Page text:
The Dispute Resolution Policy, a copy of which accompanied Fannie Mae's Offer Letter, provides that a Fannie Mae employee is required to arbitrate " all claims . . . against Fannie Mae . . . involving a legally-protected right, that directly or indirectly relate to his or her employment or the termination of that employment[.]" Def.'s Mem. P. & A., Ex. 3 (" Dispute Resolution Policy" or " Policy" ) § 2 [Dkt. No. 26-3]. The Policy elaborates that the claims to which it applies may " involv[e] rights protected by any federal, state, or other governmental constitution [sic], statute, ordinance, regulation, or common law." Id. The Policy also states that " [t]he arbitrator will resolve all disputes over the interpretation and applicability of the Policy, and over the arbitrability of all matters presented under it." Id. § 16.

On March 23, 2011, Skrynnikov filed this case against Fannie Mae asserting a qui tam claim under the FCA on behalf of the United States, as well as various employment-related claims on his own behalf. [Dkt. No. 1]. On March 27, 2012, Skrynnikov's qui tam claim was dismissed on motion of the Government pursuant to 31 U.S.C. § 3730(c)(2)(A). [Dkt. Nos. 17, 18]. In his Second Amended Complaint [Dkt. No. 23], Skrynnikov brings claims solely on his own behalf for retaliation under the FCA, and for interference with his rights under the FMLA and DCFMLA. SAC § § 39-50. It is undisputed that Skrynnikov did not submit these claims to arbitration before commencing this action.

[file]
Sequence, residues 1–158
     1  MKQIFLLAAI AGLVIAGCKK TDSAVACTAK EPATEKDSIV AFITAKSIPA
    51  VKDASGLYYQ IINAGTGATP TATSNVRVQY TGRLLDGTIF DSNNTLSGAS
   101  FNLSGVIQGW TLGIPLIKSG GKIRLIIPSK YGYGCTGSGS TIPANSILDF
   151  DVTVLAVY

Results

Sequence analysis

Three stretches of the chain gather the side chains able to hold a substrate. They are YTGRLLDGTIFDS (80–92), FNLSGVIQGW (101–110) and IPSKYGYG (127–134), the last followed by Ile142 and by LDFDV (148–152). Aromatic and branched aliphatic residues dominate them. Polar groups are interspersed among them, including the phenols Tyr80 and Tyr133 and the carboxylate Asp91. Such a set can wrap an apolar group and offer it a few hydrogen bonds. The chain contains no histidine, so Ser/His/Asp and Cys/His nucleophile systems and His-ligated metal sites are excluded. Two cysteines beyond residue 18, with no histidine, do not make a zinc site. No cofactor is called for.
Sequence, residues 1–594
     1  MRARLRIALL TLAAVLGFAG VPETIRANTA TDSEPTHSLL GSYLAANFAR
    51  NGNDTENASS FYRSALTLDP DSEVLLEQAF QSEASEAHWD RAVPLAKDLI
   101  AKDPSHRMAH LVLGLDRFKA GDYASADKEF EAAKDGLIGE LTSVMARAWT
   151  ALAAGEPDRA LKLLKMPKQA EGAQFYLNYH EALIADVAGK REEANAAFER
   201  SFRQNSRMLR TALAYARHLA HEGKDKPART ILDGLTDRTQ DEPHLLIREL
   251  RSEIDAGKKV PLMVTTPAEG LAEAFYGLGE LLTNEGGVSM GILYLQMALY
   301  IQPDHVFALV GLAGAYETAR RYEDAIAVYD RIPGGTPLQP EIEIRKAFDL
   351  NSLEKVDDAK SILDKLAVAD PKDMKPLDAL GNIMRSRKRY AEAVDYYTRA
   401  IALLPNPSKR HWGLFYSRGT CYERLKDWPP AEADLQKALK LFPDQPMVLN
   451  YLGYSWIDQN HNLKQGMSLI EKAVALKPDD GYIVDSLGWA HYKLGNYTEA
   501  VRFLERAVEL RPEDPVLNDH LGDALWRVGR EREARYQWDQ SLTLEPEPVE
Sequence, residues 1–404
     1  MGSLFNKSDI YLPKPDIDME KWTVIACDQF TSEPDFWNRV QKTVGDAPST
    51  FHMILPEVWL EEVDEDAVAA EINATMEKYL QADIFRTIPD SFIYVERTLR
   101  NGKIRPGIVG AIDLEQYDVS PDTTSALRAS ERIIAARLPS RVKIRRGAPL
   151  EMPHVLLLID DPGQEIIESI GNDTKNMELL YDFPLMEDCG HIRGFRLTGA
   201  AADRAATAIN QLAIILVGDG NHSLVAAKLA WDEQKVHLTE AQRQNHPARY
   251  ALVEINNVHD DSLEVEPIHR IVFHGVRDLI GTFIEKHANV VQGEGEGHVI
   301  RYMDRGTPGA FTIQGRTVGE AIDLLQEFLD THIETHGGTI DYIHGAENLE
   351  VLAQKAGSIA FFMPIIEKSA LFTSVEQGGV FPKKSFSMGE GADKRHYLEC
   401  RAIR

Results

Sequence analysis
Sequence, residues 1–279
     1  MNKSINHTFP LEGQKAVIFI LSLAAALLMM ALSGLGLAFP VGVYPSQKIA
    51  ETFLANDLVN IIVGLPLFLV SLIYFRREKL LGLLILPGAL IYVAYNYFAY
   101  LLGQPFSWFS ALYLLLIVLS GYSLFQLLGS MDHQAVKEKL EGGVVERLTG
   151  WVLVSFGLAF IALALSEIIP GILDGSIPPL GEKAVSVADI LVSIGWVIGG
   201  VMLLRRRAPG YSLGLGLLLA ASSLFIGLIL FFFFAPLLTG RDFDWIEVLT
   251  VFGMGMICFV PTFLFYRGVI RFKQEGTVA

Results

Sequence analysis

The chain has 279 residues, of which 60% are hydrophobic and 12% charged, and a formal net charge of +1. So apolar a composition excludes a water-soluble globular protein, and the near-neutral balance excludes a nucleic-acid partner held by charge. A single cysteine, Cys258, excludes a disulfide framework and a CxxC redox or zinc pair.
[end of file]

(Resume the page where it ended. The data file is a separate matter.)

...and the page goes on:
On November 6, 2012, Fannie Mae moved to dismiss the FMLA and DCFMLA claims pursuant to Rule 12(b)(6) of the Federal Rules of Civil Procedure, and to compel arbitration of the FCA claim. [Dkt. Nos. 26, 27-1]. Fannie Mae also requested that if the Court did not dismiss the FMLA and DCFMLA claims, it compel arbitration as to those claims as well. On January 7, 2013, Skrynnikov filed his Opposition to Fannie Mae's Motion [Dkt. No. 29], and on January 14, 2013, Fannie Mae filed its Reply [Dkt. No. 30].


A motion to compel arbitration is effectively " a request for summary disposition of the issue of whether or not there ha[s] been a meeting of the minds on the agreement to arbitrate[,]" and therefore such a motion is properly reviewed under the summary judgment standard of Rule 56(c) of the Federal Rules of Civil Procedure. Aliron Int'l, Inc. v. Cherokee Nation Indus., Inc., 531 F.3d 863, 865, 382 U.S.App. D.C. 134 (D.C. Cir. 2008) (citations and quotation marks omitted).

" Under this standard, the party seeking to compel arbitration must first present 'evidence sufficient to demonstrate an enforceable agreement to arbitrate.'" Fox v. Computer World Servs. Corp., No. 12-0374 (ABJ), 920 F.Supp.2d 90, 2013 WL 385610, at *3 (D.D.C. Feb. 1, 2013) (quoting Hill v. Wackenhut Servs. Int'l., 865 F.Supp.2d 84, 89 (D.D.C. June 7, 2012)). The burden then shifts to the opposing party " to show that there is a genuine issue of material fact as to the making of the agreement[]" so as to preclude the court from deciding the motion to compel as a matter of law. Haire v. Smith, Currie & Hancock LLP, No. 12-749